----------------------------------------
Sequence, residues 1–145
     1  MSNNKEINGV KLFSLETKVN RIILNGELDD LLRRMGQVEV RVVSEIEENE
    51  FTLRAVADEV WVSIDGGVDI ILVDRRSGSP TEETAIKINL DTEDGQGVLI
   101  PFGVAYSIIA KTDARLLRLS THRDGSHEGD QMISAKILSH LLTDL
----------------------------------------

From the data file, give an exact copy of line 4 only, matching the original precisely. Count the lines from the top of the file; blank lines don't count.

   101  PFGVAYSIIA KTDARLLRLS THRDGSHEGD QMISAKILSH LLTDL